RHIOs are less well known but have been around much longer. RHIOs exist at the community level to facilitate the exchange of health information between care providers (e.g. doctor notes), though some also aggregate data from insurers, pharmacies, and labs. The primary audience here is care providers, rather than consumers. In theory, a network of RHIOs could form together to create a National Health Information Network (NHIN), but this is unlikely to occur without significant federal funding. More than 140 RHIOs exist today, but only a handful are considered sustainable (look at the Regenstrief Institute and MA-SHARE). Interoperability between EHR systems is complex and expensive, and though it will improve quality of care, there will be a negative return on investment until a significant proportion of providers is sharing data in a standardized way. Read The State Of Regional Health Information Organizations: Current Activities And Financing by Julia Adler-Milstein, et al for a better understanding of the current RHIO landscape.

Given the similar goals of PHRs and RHIOs, I have speculated that these ideas may eventually end up merging. John Halamka, CIO of Harvard Medical School, commented on Google Health’s new sharing and auditing features in his Cool Technology of the Week update:

I’ve already invited my primary care doctor, my family, and a few of my clinical systems colleagues who built the BIDMC-Google interface. Thus, in one morning I’ve become my own regional health information organization, sharing medical records across multiple organizations with perfect privacy controls.

However, Dr. John Glaser, CIO of Partners Healthcare, estimates that only 1 out of 10 American’s with access to an electronic health record will access it, meaning that consumers are unlikely to drive the healthcare industry’s to adoption of EHR and HIE (see Glaser’s interview with Information Weekly).

Though PHRs do not have a huge chunk of the health consumer market, 6 million users (10% of the estimated 60 million American’s with electronic health records) is large enough to give Google, Microsoft, Dossia and Revolution Health some leverage with data furnishers. PHRs also capture a monetizable audience (consumers) whether through advertising or sales of health applications. RHIOs, on the other hand, make participating providers pay to use their service, but are not large enough to offer providers significant incentives for involvement. Most rely on government funding to stay afloat. I am of the opinion that unless government steps in to fund a largescale network, PHRs have settled on a more sustainable business model and could more easily extend their data aggregation efforts into doctors notes and other administrative data handled by RHIOs. In this case, both providers and consumers would be the primary audience of the platform. By using the PHR for both consumer and clinical needs, the record becomes immensely more useful, assuming that audit trails, quality control, and security measures are in place.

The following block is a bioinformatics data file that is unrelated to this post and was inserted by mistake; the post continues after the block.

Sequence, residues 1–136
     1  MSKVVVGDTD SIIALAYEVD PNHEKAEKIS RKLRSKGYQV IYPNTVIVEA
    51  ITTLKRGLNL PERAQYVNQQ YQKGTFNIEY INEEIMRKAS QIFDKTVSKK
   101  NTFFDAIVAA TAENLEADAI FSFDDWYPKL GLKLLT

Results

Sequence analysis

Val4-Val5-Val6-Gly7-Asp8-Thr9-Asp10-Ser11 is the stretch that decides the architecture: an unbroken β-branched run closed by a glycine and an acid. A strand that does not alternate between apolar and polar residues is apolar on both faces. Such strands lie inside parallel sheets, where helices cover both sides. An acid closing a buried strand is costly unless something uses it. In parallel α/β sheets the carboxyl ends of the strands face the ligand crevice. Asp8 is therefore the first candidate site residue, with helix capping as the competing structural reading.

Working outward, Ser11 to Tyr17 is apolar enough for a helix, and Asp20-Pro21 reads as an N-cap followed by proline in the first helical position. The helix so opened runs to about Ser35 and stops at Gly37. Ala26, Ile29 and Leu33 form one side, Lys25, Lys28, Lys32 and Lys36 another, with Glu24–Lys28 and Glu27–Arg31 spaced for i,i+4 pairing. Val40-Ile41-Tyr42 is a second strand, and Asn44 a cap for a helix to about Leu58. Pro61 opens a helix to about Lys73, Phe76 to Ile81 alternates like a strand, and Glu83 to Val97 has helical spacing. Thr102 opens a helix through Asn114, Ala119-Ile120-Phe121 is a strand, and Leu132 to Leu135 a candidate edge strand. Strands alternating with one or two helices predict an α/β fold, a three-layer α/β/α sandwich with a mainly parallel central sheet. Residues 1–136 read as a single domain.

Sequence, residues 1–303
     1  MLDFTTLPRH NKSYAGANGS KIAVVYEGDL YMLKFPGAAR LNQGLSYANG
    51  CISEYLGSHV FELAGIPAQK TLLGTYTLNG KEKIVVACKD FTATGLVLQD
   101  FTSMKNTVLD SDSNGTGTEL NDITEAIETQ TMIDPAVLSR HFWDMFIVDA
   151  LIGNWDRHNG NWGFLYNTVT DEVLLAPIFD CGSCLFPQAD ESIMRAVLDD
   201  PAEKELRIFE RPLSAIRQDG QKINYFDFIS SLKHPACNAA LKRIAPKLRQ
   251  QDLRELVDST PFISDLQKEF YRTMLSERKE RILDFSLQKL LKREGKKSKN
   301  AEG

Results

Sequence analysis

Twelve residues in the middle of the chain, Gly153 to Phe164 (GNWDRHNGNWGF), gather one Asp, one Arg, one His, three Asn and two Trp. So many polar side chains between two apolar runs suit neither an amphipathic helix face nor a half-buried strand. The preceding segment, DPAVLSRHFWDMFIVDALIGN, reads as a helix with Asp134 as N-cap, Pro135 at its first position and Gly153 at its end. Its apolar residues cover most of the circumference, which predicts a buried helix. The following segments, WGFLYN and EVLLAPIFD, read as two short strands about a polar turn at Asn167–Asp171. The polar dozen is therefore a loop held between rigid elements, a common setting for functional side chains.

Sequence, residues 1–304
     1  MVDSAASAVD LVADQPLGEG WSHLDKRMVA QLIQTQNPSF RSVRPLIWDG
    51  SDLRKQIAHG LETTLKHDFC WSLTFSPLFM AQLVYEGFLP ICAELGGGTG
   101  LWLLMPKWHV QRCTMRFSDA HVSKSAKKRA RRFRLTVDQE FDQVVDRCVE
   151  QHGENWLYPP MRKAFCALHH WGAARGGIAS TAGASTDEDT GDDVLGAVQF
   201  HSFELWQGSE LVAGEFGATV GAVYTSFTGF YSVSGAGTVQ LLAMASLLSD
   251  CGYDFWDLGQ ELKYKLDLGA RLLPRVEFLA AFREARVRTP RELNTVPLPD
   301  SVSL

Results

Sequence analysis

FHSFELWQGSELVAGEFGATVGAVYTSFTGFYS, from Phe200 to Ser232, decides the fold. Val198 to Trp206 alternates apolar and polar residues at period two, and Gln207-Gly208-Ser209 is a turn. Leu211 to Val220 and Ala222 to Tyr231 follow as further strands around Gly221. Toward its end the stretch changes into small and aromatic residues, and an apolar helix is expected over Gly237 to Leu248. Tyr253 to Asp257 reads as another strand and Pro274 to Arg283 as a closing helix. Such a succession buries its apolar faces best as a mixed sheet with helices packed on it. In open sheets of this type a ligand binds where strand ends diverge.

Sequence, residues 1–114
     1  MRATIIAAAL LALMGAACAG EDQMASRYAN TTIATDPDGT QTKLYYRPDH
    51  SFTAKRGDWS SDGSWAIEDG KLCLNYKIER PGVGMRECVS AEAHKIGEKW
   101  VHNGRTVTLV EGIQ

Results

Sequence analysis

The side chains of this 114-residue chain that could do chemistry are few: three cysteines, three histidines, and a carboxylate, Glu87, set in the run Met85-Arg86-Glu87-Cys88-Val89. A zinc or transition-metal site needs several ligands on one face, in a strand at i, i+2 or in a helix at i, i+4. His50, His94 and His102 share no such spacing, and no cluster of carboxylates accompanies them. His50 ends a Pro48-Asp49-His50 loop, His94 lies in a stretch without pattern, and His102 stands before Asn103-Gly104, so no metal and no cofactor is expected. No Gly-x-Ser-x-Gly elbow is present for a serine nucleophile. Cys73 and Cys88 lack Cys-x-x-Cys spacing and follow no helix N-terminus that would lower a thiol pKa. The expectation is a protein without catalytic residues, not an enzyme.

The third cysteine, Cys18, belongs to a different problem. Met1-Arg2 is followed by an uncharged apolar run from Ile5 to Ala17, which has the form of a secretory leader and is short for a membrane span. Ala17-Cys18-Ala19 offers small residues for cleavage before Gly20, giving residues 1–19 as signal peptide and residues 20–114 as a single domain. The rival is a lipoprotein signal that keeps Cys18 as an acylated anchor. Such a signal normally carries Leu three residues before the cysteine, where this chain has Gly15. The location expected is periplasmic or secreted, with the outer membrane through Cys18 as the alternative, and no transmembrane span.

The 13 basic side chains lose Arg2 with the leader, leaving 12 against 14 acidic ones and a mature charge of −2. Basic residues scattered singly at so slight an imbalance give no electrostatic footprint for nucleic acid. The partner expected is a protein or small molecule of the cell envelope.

health, crowds, and data mining

Google released Google Flu Trends yesterday, which analyzes search terms for indicators of flu activity. With the onset of flu season, people start searching for keywords such as “flu vaccine” which Google detects and charts. The example below reveals that we are just a couple weeks away from a time of year that has experienced a large outbreak:

Google Flu Trends Sample

The true genius behind this system is that Google is not directly involved in data collection. Data is collected passively as searches are submitted by users. Incredibly, Google Flu Trends reliably performs flu surveillance up to 2 weeks faster than the CDC (US Center for Disease Control)! For details on Google’s tracking method, check out their blog post Tracking Flu Trends.

In a similar fashion, David Bates of Harvard Medical School is creating an epidemic surveillance system that analyzes electronic health records of several Boston-area medical centers every night. When an outbreak is in the works, not all the sick people go to one hospital. 2 might show up at one hospital and 3 at another. The next day several more go. By the time authorities are aware of an outbreak, it is weeks too late. Performing surveillance on data from several hospitals simultaneously greatly expands quantity of information available and can potentially prevent outbreaks from occurring.

Data mining in health that transcends a single unit (like a hospital) has only just begun. Personal health record systems like Google Health and Microsoft HealthVault optionally aggregate health data from a variety of sources (e.g. hospitals, clinics, insurers, pharmacies). Determining health trends is one of Google’s primary goals with this system:

Google will use aggregate data to publish trend statistics and associations. (http://www.google.com/intl/en-US/health/privacy.html)

Once again, while Google and Microsoft are both investing heavily in platform development and partner recruitment, the data is entered, imported, and managed by the consumer. For an interesting post on the positive and negative ramifications of Google Health, check out Tree of Knowledge.